There is little that's revolutionary, either politically or musically, about Buena Fe, the Cuban duo of Rojas Fiel and Yoel Martínez Rodríguez. Perhaps that's because the two are truly products of the studiously apolitical pop music scene in late Castro Cuba; they formed as a musical act in 1999 and remain based in Havana. These issues, however, are probably of little importance to their fans stateside, most of whom are young, recent arrivals who just want to hear sweet, romantic music. And at creating that, Buena Fe excels.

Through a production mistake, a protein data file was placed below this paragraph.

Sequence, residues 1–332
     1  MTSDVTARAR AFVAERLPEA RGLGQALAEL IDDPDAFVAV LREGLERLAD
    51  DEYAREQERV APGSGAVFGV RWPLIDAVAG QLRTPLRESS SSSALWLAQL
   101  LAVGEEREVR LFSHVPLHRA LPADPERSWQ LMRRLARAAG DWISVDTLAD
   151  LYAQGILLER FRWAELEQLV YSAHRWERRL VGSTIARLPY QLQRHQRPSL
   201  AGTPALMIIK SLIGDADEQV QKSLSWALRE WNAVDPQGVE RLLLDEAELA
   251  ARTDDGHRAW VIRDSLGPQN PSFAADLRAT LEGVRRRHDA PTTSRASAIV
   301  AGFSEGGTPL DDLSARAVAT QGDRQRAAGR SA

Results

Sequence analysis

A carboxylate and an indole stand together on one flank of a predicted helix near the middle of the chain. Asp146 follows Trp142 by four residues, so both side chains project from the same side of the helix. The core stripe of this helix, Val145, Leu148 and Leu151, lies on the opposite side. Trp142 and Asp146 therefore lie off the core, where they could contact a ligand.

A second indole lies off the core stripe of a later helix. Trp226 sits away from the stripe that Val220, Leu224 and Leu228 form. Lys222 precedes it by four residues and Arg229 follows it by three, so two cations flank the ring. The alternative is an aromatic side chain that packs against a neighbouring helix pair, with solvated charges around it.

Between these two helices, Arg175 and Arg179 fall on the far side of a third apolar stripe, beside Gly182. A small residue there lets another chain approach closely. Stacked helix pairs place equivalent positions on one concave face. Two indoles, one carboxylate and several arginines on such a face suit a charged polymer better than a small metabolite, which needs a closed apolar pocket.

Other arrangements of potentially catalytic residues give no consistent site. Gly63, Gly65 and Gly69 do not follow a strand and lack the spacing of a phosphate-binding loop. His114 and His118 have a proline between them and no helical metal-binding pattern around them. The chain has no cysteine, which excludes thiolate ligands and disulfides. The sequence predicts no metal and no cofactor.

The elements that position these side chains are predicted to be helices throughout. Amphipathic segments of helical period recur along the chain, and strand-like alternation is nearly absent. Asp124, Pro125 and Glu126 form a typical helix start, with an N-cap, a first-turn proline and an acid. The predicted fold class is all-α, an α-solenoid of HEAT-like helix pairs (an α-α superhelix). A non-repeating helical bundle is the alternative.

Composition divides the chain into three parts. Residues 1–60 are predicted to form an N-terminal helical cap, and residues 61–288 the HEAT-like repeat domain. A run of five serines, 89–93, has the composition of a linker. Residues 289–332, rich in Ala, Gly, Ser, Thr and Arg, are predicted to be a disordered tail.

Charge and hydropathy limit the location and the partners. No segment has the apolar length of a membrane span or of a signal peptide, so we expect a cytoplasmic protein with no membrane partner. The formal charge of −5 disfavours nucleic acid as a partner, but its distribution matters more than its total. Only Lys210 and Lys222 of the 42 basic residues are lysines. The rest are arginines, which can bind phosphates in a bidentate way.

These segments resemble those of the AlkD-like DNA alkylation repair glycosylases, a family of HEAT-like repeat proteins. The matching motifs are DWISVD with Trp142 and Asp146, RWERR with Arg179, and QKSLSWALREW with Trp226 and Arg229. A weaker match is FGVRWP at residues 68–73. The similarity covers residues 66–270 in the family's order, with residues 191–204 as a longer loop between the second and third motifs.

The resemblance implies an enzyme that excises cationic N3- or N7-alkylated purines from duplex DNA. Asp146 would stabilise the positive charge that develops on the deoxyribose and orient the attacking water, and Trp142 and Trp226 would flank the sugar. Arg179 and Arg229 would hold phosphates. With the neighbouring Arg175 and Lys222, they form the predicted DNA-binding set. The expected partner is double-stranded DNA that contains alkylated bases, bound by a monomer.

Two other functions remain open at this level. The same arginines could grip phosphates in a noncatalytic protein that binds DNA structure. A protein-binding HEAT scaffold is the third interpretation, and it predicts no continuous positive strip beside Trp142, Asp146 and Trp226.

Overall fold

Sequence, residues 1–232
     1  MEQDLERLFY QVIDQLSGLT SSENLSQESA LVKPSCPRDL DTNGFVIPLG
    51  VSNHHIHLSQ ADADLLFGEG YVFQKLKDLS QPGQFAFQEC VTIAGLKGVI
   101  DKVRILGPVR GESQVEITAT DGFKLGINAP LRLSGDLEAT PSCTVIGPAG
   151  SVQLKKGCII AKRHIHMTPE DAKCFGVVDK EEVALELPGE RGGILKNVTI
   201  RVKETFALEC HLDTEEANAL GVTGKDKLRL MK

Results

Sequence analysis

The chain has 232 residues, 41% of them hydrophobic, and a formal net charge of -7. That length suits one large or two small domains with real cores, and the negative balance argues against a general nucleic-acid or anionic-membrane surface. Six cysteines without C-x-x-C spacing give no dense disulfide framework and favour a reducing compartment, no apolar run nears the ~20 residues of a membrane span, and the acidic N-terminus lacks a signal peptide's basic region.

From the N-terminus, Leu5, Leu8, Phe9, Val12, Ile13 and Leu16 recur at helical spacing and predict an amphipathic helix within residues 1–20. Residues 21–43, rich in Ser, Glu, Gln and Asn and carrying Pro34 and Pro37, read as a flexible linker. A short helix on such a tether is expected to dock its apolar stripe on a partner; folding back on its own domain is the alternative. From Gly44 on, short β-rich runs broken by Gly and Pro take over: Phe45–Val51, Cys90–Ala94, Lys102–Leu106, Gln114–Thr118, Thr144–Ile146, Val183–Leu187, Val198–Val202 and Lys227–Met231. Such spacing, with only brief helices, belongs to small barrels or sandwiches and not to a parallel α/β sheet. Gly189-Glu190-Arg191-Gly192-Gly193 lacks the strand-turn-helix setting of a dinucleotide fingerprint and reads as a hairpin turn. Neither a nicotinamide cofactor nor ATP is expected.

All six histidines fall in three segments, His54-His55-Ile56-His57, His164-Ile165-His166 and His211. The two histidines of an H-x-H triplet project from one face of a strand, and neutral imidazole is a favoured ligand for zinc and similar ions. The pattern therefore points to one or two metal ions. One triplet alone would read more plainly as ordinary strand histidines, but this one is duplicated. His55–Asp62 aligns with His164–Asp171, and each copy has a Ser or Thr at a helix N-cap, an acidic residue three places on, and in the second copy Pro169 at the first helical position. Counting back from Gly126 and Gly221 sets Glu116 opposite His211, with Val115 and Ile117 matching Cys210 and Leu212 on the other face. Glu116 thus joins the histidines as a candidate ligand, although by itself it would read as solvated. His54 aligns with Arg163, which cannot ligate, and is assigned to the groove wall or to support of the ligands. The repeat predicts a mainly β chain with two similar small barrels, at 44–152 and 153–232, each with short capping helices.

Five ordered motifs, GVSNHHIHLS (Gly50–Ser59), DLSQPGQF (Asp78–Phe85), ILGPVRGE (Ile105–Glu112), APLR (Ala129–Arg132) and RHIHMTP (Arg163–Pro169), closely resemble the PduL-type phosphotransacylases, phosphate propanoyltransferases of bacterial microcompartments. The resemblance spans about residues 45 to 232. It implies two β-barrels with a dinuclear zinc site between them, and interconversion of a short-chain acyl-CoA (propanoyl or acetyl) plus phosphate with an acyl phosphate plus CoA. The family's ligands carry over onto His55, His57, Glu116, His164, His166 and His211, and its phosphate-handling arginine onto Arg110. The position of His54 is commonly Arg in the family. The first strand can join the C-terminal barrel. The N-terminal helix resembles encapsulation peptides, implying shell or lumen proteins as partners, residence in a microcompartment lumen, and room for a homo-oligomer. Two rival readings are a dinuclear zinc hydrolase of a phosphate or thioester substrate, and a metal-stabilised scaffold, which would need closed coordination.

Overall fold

Some scholars have classified the act as sonic descendants of trova, a style popular on the island from the '60s to the '80s whose lyrics focused on social realism. There are, perhaps, traces of that genre in Buena Fe's acoustic, guitar-driven songs. With full instrumentation, though, their numbers are more or less straightforward, even syrupy ballads. Perhaps that's why, unlike other "nueva trova" performers on the island, Buena Fe has gone more or less unmolested in its trajectory to relative stardom. The group will play a rare show in Miami this Sunday at the Fillmore Miami Beach, which, so far, doesn't seem to have raised the hackles of the usual bands of protesters.
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